Susan Carol McCarthy is the award-winning author of three works of literary fiction, LAY THAT TRUMPET IN OUR HANDS, TRUE FIRES, and A PLACE WE KNEW WELL (Random House, October 2015) plus the non-fiction BOOMERS 101: THE DEFINITIVE COLLECTION. Her books have been widely selected by libraries and universities for their One Book, One Community and Freshman Year Read programs, and incorporated into school curriculums in 29 states and six countries. Although each of her novels was inspired by true historical events—a series of shocking race crimes, notoriously corrupt small-town politics, a week of military-imposed terror—McCarthy is best known for creating muscle-and-blood characters for whom the larger political becomes intensely personal, and for her original blend of “fact, memory, imagination, and truth with admirable grace.” (The  Washington  Post). 

New York Times bestselling author and investigative journalist Caitlin Rother has written or co-authored 10 books, drawing from decades of newspaper experience covering topics ranging from criminal justice, suicide, addiction, mental illness and murder to corruption, incompetence, and waste at City Hall and in Congress. Caitlin, whose books range from narrative non-fiction crime to memoir and crime fiction, has done more than 100 TV and radio appearances. Her latest book, THEN NO ONE CAN HAVE HER, and her Kindle shorts, A Complicated Woman and The Fugitive With One Shoe, were published in 2015 and 2016. She is currently writing another short, Overkill, and a political crime book, HONEST SERVICES?: CORRUPTION, DISORDER AND CRIMINAL INJUSTICE. Caitlin also works as a book doctor, writing-research-promotions coach and consultant, and teaches narrative non-fiction at UCSD Extension and San Diego Writers, Ink. 

As the editor of three Pulitzer Prize-winning news projects, Susan White is a master craftsperson of narrative nonfiction. After working at the Lexington Herald-Leader as an education reporter and television critic, Susan rose through the ranks of the The San Diego Union-Tribune, from reporter to writing coach, U.S.-Mexico border editor and then enterprise editor. Combining her fictional storytelling and investigative journalism skills to help reporters tell complex stories through narrative, she helped edit her first Pulitzer winning series at the U-T in 2006. She became the first assigning editor at the nonprofit investigative newsroom ProPublica in 2008, where she edited her second winner in 2010. She then became executive editor ofInsideClimate News, where her third project won in 2013. Today she is working with a group of prominent journalists to launch InquireFirst, an investigative reporting non-profit whose goal is to expand the boundaries of traditional journalism.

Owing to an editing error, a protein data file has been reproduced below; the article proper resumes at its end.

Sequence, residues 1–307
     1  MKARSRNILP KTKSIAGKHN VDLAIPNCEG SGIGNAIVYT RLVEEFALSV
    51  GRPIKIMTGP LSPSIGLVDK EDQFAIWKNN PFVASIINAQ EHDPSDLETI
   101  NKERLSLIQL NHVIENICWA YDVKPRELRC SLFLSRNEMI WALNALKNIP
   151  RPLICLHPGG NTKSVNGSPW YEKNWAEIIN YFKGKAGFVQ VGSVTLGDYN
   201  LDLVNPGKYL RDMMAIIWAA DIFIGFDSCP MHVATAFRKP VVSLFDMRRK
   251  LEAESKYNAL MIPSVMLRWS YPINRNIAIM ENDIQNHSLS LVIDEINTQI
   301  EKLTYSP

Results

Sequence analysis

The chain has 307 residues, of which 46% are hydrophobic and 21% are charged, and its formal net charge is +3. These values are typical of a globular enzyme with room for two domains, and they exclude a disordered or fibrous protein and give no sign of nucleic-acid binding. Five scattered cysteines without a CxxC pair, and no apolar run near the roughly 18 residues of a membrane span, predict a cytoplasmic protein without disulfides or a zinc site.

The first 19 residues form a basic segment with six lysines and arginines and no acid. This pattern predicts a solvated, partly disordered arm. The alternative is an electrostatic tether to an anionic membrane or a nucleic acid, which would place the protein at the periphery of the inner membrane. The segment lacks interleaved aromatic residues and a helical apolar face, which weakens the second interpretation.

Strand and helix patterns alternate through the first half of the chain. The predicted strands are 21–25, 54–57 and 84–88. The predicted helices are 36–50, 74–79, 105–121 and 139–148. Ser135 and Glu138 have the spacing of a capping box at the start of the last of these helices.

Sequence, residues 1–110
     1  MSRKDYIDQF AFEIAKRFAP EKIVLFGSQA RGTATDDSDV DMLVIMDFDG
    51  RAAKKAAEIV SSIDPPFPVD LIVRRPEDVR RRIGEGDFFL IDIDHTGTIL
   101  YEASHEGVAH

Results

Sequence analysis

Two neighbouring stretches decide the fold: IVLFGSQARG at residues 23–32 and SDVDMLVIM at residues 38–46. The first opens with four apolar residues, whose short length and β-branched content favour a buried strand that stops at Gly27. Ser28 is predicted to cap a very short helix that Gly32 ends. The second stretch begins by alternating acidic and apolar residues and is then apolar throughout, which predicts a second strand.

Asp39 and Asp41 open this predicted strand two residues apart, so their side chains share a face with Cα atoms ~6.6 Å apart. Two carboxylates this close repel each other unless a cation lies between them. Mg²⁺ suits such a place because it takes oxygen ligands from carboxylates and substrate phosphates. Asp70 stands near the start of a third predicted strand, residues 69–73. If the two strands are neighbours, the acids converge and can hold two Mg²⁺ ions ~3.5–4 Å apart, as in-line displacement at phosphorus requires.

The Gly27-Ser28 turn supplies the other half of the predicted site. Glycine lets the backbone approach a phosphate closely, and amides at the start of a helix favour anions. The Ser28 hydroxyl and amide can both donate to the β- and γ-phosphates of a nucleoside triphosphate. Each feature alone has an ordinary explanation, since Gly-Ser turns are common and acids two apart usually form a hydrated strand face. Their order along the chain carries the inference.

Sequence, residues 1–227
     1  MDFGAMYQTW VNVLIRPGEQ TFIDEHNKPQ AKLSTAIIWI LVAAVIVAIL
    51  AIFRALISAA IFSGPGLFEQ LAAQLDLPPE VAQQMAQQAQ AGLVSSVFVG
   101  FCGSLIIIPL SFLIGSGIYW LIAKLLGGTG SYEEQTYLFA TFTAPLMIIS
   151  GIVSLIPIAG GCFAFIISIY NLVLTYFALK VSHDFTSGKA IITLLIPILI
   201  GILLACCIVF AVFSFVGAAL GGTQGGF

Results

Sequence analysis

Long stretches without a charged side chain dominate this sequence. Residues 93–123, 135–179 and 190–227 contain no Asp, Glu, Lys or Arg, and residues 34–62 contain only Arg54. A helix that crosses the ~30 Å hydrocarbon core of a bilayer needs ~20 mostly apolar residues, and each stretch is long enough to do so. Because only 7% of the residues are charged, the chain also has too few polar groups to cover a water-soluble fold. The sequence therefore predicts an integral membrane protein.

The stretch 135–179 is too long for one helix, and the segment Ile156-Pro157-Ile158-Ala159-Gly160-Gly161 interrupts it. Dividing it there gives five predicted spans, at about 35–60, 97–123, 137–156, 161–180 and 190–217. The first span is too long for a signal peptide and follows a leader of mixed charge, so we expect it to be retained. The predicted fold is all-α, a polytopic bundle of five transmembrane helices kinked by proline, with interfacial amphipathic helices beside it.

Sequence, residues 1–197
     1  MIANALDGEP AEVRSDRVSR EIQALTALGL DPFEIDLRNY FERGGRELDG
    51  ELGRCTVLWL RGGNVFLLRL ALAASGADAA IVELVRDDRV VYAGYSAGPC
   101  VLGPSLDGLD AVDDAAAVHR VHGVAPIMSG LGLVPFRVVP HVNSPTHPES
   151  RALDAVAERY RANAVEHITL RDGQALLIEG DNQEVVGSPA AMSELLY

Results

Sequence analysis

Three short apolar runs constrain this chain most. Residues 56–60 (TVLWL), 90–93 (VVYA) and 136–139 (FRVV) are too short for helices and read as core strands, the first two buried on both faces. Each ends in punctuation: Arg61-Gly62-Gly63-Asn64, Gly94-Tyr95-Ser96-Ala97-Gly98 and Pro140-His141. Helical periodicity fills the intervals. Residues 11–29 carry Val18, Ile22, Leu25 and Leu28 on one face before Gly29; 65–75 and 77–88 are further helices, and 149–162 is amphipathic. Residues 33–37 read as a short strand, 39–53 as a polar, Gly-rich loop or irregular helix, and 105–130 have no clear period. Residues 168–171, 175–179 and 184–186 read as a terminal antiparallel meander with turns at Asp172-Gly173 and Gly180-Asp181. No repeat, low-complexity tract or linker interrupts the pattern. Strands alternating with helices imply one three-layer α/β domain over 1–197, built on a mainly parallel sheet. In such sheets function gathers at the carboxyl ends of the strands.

Logistical details:
--The salon will be at a house in Cardiff by the Sea. 
--Check-in and one-on-one critiques begin at 9 a.m., workshops at 9:30, 1-hour lunch break at 12:30, followed by more workshops, panel discussion at 4:45 p.m., and party from 5:30 to 7 p.m. (Attendees will have an hour for lunch on their own; bag lunch recommended.)
--Free parking is available in the surrounding residential neighborhood.

--Sign up until March 30 for just $165, until April 28 for $180, and $200 for late registration and walk-ins. This price includes entry to workshops, panel discussion, beach party (we will supply hors d’oeuvres, but attendees need to BYOB whatever alcohol they want to drink) and book signing.
--For an extra bonus, we are offering one-on-one critiques: a 15-minute session, with your author of choice, to discuss 10 typed double-spaced pages, submitted by April 23, for $50; or to get feedback on a verbal book idea pitch for $40. Critique appointments will be made with specific authors on a first-come, first-served basis.
Incentive sign-up bonusThe first five attendees to sign up for the salon AND a critique will receive a set of free books from the authors.
To sign up: Please contact Caitlin Rother, to sign up, arrange a payment, or ask about registration and critiques. Attendance will be limited. Payment must be received to reserve a seat.